By Steve Rackham, Senior Solutions Engineering Manager, EMEA Global Finance at NetApp
Since the digital converged with finance, there’s been opportunities for cybercriminals to get their hands on the personal and confidential data held by financial institutions. Over the years, this has seen many big brands crumble under the scrutiny of the general public and governing bodies, due to lack of trust around data security.
Those that have fallen to irreparable reputation damage have been an example of the need for continuous vigilance among all financial services when it comes to security.
However, the accelerating rate of cyber-attacks currently spreading through financial services seems to be simulating that of COVID-19 in the real world. While it may seem like a crass way to link cyber-security to a relevant issue, the two, in fact, run parallel and are very connected.
What with the move to remote working, abrupt transitions to cloud, and the speedy overhaul of infrastructure due to COVID-19 restrictions, financial services’ vulnerabilities have been exposed. As a result, cyber-attacks have surged – with malware and ransomware the most common. It’s a trend that’s very concerning. So much so, the GCHG’s National Cyber Security Centre partnered with the Cybersecurity and Infrastructure Agency in the US, at the start of the pandemic, in response – a rare moment in the history of cyber security.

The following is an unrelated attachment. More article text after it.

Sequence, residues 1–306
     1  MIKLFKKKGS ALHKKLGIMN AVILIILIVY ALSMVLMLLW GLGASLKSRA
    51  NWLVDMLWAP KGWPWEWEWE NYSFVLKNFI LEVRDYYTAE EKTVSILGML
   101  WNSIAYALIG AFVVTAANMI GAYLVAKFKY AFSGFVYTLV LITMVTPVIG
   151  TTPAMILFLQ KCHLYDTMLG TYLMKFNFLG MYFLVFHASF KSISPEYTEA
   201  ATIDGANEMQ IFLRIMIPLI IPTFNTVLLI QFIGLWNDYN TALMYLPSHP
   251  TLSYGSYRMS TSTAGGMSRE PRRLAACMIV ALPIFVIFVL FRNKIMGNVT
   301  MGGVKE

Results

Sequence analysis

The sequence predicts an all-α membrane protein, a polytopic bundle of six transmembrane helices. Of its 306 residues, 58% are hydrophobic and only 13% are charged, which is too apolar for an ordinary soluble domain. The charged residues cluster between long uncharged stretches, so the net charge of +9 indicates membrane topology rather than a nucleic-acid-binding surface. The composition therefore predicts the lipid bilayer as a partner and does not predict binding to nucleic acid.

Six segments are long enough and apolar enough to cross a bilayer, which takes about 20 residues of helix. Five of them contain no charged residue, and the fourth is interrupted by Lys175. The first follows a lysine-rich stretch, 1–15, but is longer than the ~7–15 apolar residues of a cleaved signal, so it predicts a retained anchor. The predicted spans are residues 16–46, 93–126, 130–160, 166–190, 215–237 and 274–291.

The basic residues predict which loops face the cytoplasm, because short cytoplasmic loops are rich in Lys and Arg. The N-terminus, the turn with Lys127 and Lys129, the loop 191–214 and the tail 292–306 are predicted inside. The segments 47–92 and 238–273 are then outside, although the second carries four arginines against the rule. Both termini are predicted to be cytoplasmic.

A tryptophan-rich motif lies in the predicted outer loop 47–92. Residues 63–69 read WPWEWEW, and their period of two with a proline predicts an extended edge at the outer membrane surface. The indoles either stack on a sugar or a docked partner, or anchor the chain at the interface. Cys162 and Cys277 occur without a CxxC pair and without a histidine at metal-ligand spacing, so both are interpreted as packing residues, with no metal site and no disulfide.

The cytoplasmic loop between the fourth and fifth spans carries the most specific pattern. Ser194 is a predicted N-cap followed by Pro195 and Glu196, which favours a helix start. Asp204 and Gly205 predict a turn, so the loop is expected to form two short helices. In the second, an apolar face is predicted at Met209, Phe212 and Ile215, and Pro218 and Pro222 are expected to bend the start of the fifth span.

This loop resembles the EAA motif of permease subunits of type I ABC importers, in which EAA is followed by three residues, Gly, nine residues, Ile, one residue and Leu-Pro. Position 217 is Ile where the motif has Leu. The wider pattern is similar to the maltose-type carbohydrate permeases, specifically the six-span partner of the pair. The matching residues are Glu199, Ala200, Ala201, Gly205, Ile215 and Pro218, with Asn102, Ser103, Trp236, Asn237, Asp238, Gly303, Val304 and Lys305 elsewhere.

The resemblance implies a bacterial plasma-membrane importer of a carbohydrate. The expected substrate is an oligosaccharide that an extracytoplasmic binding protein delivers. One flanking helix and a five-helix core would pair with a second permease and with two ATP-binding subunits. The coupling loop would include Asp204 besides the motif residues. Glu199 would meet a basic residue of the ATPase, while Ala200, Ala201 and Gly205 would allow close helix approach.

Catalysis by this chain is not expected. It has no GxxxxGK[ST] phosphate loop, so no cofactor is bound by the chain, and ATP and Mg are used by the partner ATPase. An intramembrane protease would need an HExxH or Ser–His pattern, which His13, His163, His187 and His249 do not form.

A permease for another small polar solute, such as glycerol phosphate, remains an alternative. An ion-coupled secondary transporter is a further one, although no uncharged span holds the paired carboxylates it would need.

Despite additional government intervention to crack down on cyber-attackers, the idea that there will never be cyber-attackers attempting to corrupt files and export data is just plainly utopian. When one door closes for a cyber-criminal, they tend to frustratingly find another one to open. One example of this is ransomware attacks. These attacks only need one small opening into an organisation and then have the power to hold your data hostage and demand a ransom in exchange for its potential return. According to BitDefender, ransomware attacks increased by 715% globally in the first have of 2020.
So, if it wasn’t clear enough already, the pandemic has brought home that businesses must remain continuously conscious of their security. For me, this starts with having good data management, which means a zero-trust approach to security is vital for financial services who are potentially coming up against the threats ushered in by COVID-19.
The era of zero trust
Taking a zero-trust approach to security is really considered best practice these days. While I won’t go into the full ins and outs here, it essentially does what it says on the tin – no one who aims to access company data (even employees) are given permission by default, they must prove themselves as safe. This is vital because while businesses can make good guesses, it can never be certain where a cyber-attack will come from and what it will look like.
Data is just so valuable. It’s the crown jewels of financial services, and it needs to same level of surveillance as the royal gems. Harnessing this distrust within your security means a surgical level of detail must be known about what your cyber-security is protecting, by placing security controls as close as possible to the data. Any changes to what’s being protecting will signify there may have been a potential breach. As part of this, those in charge of security should know where all data is, how it can be extracted, what it works in conjunction with, and where it moves beyond the business’ walls.
The three practical things financial services can do to stay protected